Latest Permian Stories
DALLAS, May 2, 2014 /PRNewswire/ -- RSP Permian, Inc.
The fossil of a newly-discovered species called Eocasea martini is being described as a sort of missing link in the transition from carnivorous to herbivorous behavior in land animals.
252 million years ago the largest extinction event occurred at the end of the Permian age. It wiped out almost 90 percent of all life in water.
The former director of the CIA, Gen. David H.
A research team from MIT has determined that the end-Permian extinction took place over 60,000 years — give or take 48,000 years. From a geologic perspective, that's nearly instantaneous.
In a recent study, large numbers of bryozoan and other typical marine fossils were discovered for the first time in the thick limestone layers and lenses of the upper part of the Linxi Formation of the Guandi section, Linxi County, eastern Inner Mongolia.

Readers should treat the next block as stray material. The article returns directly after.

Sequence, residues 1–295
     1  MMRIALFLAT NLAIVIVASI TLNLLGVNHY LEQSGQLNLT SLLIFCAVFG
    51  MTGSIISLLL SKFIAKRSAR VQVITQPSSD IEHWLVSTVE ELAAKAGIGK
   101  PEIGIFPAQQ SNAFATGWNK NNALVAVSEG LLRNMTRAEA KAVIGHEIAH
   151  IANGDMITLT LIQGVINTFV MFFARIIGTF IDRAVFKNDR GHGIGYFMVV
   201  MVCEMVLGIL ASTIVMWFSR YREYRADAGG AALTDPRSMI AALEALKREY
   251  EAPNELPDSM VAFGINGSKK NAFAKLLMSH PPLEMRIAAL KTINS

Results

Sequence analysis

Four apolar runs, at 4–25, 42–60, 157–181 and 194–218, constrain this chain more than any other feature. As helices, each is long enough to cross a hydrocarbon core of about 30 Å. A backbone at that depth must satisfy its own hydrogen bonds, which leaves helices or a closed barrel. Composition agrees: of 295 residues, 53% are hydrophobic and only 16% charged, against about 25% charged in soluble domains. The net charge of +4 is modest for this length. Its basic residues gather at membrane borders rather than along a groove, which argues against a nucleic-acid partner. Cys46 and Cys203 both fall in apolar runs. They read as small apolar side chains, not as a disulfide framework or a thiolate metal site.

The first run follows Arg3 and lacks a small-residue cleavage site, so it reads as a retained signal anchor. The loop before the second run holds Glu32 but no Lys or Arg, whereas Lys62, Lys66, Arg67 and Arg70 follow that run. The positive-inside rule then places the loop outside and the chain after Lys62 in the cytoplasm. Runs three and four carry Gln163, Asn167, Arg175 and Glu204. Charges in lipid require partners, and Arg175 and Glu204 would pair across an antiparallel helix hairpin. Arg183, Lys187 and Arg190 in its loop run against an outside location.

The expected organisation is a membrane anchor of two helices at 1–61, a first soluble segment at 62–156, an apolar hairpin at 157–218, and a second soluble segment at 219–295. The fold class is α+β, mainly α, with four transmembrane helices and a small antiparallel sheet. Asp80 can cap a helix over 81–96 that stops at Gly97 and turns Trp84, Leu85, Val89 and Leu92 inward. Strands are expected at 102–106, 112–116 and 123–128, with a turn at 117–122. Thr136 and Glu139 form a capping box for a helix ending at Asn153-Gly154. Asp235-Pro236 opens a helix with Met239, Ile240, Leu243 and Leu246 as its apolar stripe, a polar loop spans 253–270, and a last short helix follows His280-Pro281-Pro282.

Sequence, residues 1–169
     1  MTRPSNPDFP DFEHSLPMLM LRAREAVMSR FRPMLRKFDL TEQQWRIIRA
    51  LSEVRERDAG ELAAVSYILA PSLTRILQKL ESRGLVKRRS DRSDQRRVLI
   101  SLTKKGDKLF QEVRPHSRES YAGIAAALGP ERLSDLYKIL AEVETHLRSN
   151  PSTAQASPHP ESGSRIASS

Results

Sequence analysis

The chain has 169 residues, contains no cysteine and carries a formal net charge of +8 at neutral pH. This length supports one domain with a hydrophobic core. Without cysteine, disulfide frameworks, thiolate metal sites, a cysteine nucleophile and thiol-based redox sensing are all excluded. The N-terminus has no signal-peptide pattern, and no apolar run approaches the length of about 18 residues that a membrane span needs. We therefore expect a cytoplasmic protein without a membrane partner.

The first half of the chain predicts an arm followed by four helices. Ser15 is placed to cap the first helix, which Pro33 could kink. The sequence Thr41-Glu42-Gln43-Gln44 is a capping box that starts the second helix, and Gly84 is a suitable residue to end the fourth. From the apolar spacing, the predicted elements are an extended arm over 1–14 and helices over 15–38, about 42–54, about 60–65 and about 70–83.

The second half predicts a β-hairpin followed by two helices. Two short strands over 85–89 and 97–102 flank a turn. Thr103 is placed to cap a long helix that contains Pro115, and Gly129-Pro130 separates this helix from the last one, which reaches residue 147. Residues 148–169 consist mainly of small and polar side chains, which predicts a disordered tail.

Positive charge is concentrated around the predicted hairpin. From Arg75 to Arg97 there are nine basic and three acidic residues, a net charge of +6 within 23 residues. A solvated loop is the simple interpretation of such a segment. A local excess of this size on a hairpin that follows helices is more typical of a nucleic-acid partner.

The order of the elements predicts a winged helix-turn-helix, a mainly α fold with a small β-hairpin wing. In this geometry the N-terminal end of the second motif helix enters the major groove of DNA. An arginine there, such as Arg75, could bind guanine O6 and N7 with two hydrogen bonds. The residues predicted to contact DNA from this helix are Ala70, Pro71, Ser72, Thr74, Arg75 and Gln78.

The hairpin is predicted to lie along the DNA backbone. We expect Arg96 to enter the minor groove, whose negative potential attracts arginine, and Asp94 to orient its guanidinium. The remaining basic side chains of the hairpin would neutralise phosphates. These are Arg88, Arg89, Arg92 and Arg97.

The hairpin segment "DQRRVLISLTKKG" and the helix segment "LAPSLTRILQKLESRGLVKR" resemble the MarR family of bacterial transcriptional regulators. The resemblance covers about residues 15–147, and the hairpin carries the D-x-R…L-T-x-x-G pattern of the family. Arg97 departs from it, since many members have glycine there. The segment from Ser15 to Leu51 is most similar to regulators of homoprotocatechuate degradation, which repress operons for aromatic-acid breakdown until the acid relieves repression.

At the end of the Permian period, approximately 250 million years ago, a mass extinction occurred that was so severe it remains the most traumatic known species die-off in Earth's history.
The integration of Pangea that began during the early Permian period may have caused the environment to deteriorate, playing a role in the mass extinction event that occurred 250 million years ago.
Scientists say they have discovered a 350-million-year-old scorpion fossil, recovered from Devonian formation layers in Grahamstown, South Africa.